Changing conceptions of species

Biology and Philosophy 11 (3):405-420 (1996)
Species are thought by many to be important units of evolution. In this paper, I argue against that view. My argument is based on an examination of the role of species in the synthetic theory of evolution. I argue that if one adopts a gradualist view of evolution, one cannot make sense of the claim that species are units in the minimal sense needed to claim that they are units of evolution, namely, that they exist as discrete entities over time. My second argument is directed against an appeal to Eldredge and Gould's theory of punctuated equilibria to support the claim that species are units of evolution. If one adopts their view, it may be possible to identify discrete temporal entities that can plausibly be termed species, but there is no reason to claim that those entities are units of evolution. Thus, on two plausible interpretations of the role of natural selection in the process of evolution, species are of no special importance. I then consider some of the reasons why species have been thought to be important evolutionary units by many contemporary evolutionary biologists. Finally, I discuss briefly the implications of this conclusion for evolutionary biology.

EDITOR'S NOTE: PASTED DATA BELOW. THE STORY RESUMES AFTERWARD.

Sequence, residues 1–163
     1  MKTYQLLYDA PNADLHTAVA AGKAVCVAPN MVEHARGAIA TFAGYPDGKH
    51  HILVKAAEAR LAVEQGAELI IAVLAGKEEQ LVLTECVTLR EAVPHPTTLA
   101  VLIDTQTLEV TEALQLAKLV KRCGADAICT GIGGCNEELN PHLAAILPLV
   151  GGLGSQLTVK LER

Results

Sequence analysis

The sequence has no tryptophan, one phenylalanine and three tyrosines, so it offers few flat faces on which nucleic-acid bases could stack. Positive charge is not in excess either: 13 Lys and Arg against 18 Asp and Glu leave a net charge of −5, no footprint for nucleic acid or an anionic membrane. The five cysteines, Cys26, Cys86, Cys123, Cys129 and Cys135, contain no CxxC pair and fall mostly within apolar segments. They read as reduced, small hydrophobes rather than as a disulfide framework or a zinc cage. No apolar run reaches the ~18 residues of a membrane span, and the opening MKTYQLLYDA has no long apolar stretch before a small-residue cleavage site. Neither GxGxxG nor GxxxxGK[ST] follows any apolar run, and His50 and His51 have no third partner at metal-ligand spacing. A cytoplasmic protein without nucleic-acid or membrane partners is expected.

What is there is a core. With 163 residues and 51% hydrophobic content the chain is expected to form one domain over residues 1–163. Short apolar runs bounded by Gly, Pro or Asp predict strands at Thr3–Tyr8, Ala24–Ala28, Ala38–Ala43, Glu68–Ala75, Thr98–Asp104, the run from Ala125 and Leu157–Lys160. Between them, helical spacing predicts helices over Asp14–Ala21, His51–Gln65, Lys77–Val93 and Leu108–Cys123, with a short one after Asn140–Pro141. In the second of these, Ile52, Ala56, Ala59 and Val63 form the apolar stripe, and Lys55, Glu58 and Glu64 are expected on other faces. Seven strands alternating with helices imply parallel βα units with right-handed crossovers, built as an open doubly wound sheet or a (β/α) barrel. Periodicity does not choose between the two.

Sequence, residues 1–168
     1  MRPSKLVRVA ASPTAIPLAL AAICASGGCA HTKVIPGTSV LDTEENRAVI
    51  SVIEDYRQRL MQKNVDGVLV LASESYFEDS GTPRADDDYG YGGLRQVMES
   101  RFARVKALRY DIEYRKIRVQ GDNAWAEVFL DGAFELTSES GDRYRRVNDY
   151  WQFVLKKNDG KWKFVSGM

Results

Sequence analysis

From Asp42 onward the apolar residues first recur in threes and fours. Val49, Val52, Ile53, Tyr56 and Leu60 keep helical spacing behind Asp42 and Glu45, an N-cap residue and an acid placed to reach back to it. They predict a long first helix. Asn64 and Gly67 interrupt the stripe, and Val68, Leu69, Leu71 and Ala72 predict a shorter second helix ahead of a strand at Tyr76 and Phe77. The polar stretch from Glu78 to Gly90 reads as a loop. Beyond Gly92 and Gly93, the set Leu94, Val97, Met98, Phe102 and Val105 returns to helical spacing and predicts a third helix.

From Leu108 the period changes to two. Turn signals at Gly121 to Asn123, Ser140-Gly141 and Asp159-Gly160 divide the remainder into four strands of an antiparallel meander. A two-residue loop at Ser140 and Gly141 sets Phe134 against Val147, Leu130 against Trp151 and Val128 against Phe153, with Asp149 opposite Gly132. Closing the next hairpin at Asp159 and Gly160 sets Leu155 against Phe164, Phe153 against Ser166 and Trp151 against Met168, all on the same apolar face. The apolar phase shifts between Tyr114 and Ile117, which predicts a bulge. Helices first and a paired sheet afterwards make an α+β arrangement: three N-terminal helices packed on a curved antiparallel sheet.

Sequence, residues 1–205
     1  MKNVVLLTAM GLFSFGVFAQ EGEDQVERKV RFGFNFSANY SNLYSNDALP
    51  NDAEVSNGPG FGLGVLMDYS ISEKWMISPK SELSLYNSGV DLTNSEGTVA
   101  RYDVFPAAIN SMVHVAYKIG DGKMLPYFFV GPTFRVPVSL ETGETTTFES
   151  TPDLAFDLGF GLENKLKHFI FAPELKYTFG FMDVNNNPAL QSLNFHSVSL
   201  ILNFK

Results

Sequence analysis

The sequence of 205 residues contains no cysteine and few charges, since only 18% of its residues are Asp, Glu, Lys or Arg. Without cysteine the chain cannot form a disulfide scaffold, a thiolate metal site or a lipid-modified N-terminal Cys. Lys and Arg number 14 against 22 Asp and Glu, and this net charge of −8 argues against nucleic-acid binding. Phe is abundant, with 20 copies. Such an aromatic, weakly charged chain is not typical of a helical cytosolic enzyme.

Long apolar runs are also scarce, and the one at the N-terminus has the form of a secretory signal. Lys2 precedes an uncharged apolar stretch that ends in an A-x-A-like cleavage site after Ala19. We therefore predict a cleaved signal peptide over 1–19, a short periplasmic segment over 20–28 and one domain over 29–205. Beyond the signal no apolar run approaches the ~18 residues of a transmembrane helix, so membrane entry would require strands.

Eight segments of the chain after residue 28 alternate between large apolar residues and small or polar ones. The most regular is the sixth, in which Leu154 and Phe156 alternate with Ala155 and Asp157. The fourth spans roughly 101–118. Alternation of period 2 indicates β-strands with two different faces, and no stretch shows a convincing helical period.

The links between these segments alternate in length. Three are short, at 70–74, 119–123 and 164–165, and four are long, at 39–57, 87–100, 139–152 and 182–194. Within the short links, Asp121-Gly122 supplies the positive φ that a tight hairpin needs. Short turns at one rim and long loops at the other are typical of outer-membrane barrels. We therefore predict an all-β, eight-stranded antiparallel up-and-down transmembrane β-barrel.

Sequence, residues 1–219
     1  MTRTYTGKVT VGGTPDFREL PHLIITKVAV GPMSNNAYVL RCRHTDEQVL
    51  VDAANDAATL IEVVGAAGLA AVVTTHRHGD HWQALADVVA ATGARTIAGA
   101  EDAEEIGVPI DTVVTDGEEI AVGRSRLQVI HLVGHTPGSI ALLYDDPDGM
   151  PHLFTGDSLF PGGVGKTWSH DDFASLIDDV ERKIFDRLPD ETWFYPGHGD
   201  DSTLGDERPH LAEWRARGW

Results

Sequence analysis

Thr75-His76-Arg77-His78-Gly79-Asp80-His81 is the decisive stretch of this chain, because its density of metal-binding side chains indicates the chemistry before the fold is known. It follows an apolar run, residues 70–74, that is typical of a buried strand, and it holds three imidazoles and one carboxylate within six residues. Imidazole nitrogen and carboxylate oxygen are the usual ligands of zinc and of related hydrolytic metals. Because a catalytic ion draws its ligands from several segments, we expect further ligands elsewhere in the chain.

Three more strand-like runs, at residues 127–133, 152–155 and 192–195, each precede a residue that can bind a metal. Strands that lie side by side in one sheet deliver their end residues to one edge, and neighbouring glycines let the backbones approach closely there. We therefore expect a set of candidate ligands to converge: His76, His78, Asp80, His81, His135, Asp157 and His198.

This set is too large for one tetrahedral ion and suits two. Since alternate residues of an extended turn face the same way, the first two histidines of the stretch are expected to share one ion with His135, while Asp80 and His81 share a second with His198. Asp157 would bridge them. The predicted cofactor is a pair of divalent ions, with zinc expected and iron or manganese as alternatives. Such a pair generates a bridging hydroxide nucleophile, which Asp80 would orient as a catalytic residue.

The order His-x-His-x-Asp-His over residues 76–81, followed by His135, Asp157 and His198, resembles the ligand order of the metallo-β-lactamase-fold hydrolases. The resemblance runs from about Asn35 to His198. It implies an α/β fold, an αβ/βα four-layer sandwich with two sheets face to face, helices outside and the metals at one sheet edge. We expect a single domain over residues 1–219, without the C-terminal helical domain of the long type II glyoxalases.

Keywords species  evolution  natural selection  gradualism  punctuated equilibria  variation  Lamarck  Darwin
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DOI 10.1007/BF00128789
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References found in this work BETA
Ernst Mayr (1963). Animal Species and Evolution. Belknap of Harvard University Press.
David L. Hull (1978). A Matter of Individuality. Philosophy of Science 45 (3):335-360.
David L. Hull (1980). Individuality and Selection. Annual Review of Ecology and Systematics 11:311-332.

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Citations of this work BETA
Andreas De Block (2008). Why Mental Disorders Are Just Mental Dysfunctions : Some Darwinian Arguments. Studies in History and Philosophy of Science Part C: Studies in History and Philosophy of Biological and Biomedical Sciences 39 (3):338-346.

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